SAN FRANCISCO, CALIFORNIA — [UPDATE: In May 2012, the Bay Citizen merged with the Center for Investigative Reporting, the oldest nonprofit investigative news organization in the United States and the parent of state-level investigative nonprofit California Watch. The merger allowed the organizations to expand their reporting resources, save money, and diversify their funding base. The merger brought together 75 staff members with a $10.5 million budget in 2012. As part of the merger, the Bay Citizen ended its partnership with The New York Times, for which it had produced a Bay Area section since 2010.]
In early 2009, San Francisco philanthropist Warren Hellman grew concerned about the cutbacks in local newsrooms and what he saw as a decline in professional, original reporting in the area. He convened an advisory group to explore the possibility of creating a new journalism outlet for the Bay Area. At the time, there were rumors that Hearst was considering closing The San Francisco Chronicle, the city’s only remaining major broadsheet daily; meanwhile, The New York Times was putting out feelers for a partner that could provide coverage for a Bay Area edition of the paper. The timing was right, and Hellman’s funding was there, and by early 2010, The Bay Citizen was born.
[Profile updated December 18, 2012]
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The site launched in May 2010 with a focus on “core civic journalism,” says Jonathan Weber, who was the Bay Citizen’s editor-in-chief until he accepted a position with Reuters in September 2011. He says the newsroom benefited right away from a talented staff with a diverse range of experience. There’s managing editor Jeanne Carstensen, who had extensive online experience as managing editor of Salon, and Steve Fainaru, a Pulitzer Prize-winning foreign reporter for The Washington Post. Fainaru has since taken Weber’s place as editor-in-chief.
Since the site’s launch, the editorial staff has grown to twenty-one full-timers. Veteran journalists like Carstensen and Fainaru are joined by younger writers and data researchers; in addition, the site also partners with KGO Radio and the journalism school at the University of California, Berkeley, to help increase the site’s coverage while training student journalists. In an e-mail, Fainaru writes that eventually he’d like to see fifty journalists in his newsroom.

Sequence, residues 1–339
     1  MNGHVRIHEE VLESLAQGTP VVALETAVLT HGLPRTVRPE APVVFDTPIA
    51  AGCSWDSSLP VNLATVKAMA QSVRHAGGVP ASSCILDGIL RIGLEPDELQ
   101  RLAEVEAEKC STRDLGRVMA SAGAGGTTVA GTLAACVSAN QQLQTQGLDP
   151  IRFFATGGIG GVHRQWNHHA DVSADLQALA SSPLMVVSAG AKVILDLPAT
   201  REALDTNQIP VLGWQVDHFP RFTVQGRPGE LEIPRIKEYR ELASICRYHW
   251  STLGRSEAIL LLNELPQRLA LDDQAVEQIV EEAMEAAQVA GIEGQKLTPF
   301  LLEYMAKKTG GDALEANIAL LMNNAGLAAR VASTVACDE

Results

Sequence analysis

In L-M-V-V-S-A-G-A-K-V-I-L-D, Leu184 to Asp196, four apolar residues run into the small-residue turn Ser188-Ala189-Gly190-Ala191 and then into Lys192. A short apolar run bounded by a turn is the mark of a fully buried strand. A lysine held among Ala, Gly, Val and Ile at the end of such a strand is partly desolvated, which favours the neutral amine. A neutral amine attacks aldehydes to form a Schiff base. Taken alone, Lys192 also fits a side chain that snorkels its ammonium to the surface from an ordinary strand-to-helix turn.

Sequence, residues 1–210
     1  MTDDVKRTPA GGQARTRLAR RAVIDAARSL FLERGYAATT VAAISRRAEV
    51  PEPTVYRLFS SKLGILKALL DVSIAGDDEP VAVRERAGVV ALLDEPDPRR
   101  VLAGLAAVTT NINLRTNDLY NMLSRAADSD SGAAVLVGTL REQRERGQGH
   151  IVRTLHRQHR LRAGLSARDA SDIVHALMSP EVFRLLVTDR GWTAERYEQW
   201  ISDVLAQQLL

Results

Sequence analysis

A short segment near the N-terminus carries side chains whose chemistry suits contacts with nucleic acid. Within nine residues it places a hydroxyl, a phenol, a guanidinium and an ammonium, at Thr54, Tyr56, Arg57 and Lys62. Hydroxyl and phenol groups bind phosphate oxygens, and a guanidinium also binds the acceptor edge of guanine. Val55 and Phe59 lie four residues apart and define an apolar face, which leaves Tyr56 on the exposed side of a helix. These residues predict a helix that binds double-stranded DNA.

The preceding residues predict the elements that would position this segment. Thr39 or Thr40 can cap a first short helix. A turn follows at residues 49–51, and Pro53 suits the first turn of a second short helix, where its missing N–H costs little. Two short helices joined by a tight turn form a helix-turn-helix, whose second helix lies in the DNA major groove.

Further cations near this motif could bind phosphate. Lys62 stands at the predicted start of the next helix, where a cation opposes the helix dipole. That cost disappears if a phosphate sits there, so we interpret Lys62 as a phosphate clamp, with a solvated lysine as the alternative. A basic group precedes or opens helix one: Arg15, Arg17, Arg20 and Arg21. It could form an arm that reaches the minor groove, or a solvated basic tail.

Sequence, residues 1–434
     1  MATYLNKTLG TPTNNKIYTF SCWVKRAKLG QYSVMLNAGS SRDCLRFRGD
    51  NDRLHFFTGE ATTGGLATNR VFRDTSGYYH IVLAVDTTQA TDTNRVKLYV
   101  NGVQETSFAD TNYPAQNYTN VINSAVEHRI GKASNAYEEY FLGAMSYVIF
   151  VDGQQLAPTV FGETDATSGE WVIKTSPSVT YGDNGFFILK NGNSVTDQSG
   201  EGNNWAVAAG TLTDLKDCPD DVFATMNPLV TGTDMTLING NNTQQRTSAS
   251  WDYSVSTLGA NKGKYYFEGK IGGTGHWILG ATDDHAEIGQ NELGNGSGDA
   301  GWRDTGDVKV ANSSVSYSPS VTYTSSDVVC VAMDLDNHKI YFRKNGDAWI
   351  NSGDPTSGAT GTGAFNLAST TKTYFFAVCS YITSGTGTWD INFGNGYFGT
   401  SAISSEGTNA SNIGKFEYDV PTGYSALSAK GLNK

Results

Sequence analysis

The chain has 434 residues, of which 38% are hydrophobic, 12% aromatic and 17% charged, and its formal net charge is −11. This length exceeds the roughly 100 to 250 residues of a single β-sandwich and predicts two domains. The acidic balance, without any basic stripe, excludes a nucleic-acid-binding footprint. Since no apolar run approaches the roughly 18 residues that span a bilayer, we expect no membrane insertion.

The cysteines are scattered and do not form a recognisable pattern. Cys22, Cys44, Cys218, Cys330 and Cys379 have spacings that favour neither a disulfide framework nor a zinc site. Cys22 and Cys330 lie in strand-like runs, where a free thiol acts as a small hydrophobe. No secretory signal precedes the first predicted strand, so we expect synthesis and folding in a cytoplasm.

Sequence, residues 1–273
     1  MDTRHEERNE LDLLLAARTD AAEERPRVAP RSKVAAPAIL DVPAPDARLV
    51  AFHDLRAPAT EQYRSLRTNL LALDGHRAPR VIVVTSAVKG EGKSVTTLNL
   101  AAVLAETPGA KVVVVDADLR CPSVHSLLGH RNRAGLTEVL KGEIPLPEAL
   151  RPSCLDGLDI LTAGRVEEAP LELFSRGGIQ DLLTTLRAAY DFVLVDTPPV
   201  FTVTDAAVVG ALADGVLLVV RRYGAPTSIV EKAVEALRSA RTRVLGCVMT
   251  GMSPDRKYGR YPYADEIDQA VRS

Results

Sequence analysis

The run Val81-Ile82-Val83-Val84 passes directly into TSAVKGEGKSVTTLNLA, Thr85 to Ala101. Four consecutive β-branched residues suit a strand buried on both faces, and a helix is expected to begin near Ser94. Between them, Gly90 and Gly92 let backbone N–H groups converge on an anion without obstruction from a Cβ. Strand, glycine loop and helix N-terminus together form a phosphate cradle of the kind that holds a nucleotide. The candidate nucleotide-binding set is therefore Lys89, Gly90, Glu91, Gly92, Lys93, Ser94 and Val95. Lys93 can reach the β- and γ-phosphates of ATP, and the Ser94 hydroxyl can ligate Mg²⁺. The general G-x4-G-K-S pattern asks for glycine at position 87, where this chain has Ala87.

Today, the site is a traditional mix of straight news, arts events coverage and reviews, and columns and opinion pieces. Its clean layout makes it easy to quickly read up on news topics like the BART protests or the San Bruno gas explosion. In-depth investigations have their place in the Bay Citizen’s coverage–for instance, an original analysis of military veteran deaths and suicide statistics in California.
The newsroom often partners with independent journalists and news sites from the area to expand its scope–which often includes hyperlocal neighborhood blogs, or niche subject sites, like the environmental outlet Bay Nature. And as has been the case since just weeks after its launch, the Bay Citizen newsroom still produces articles for The New York Times, in a twice-weekly, two-page print spread called Bay Area Report, which also appears online. The Bay Citizen now also has its own iPhone app, so readers can access its content wherever they are.
An early goal for The Bay Citizen’s development was a concerted focus on and investment in data journalism. The site now features a Data Library page to collect and showcase all of its database projects, as well as to solicit readers’ ideas for future investigations and apps. One project, a Bike Accident Tracker, collected, mapped, and charted five years of collision statistics. With that information, reporters have been able to make conclusions about the city’s most bike-accident prone demographics and locations.
The Bay Citizen is a nonprofit organization, and after an initial $5 million investment from the Hellman Family Foundation, it has run on four revenue streams: large gifts and foundation grants; corporate sponsorship and underwriting; individual membership; and syndication. The business model is similar to public radio, and all major funders are publicly listed and kept out of the newsroom’s editorial decisions.
Just under two years after its launch, The Bay Citizen is “still going through profound changes,” as Fainaru puts it–it’s attracting more and more partners and racking up more and more awards for its coverage. But the main goals of the site will remain the same. “Our aim is to provide consistently exclusive, deep and enterprising content that moves the conversation well beyond the daily headlines,” Fainaru says. “The stories we cover, our goal is to own them.”
The Bay Citizen Data
Name: The Bay Citizen
City: San Francisco